The Classical Pirc setup is the epitome of classical chess, and it’s the opposite of black’s hyper modern approach.
For the basics of the Pirc Defense, watch this introductory video:
For a more aggressive alternative to the Classical Variation, learn the Austrian Attack (f4!):
In the Classical Pirc (also known as two knights), white follows the basic chess rules and develops according to classical chess principles; take the center with your pawns, develop your minor pieces (knights before bishops), and castle. Black, on the other hand, follows a completely different chess philosophy – the hyper-modernists! With the Pirc, black neglects the rules classical chess teaches and fianchettoes his kingside bishop and castles in the opening, without ever contesting the central squares.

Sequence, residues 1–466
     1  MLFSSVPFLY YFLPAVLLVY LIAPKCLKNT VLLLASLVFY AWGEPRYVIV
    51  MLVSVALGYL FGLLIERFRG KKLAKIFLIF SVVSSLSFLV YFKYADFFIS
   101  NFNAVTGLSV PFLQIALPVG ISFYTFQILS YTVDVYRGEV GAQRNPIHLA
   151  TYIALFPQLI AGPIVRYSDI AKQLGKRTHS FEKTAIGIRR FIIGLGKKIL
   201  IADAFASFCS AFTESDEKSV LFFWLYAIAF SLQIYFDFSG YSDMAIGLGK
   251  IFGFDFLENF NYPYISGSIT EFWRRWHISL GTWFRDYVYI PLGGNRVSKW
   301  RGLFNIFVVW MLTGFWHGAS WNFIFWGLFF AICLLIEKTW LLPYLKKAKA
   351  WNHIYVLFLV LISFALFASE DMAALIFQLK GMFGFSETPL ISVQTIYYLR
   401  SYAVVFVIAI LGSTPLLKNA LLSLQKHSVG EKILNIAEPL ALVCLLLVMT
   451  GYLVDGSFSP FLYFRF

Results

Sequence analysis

The idea behind the opening is to strike at white’s broad center later, when all the forces have been mobilized and when the king is tucked away. The Pirc is similar to the KID and it has a similar pawn structure and attacking ideas for black and for white.
The Classical variation is white’s most principled response to the hyper-modern monster. Developing, expanding and slowly building a kingside assault, while, in the meantime, black has to play dynamically and try to pen things up in the center in order to activate his pieces.
After the opening moves 1. e4 d6 2. d4 Nf6 3. Nc3 g6, the Classical starts after white plays 4. Nf3
Black continues with 4…Bg7, and here white gets to choose a variation. There are five common moves for white (several other of white’s options are playable but not as precise):
B07, Classical Variation
5. Be2 Quiet System
6…c6 Czech Defense
6…Bg4 Parma Defense
5. h3 Schlechter Variation
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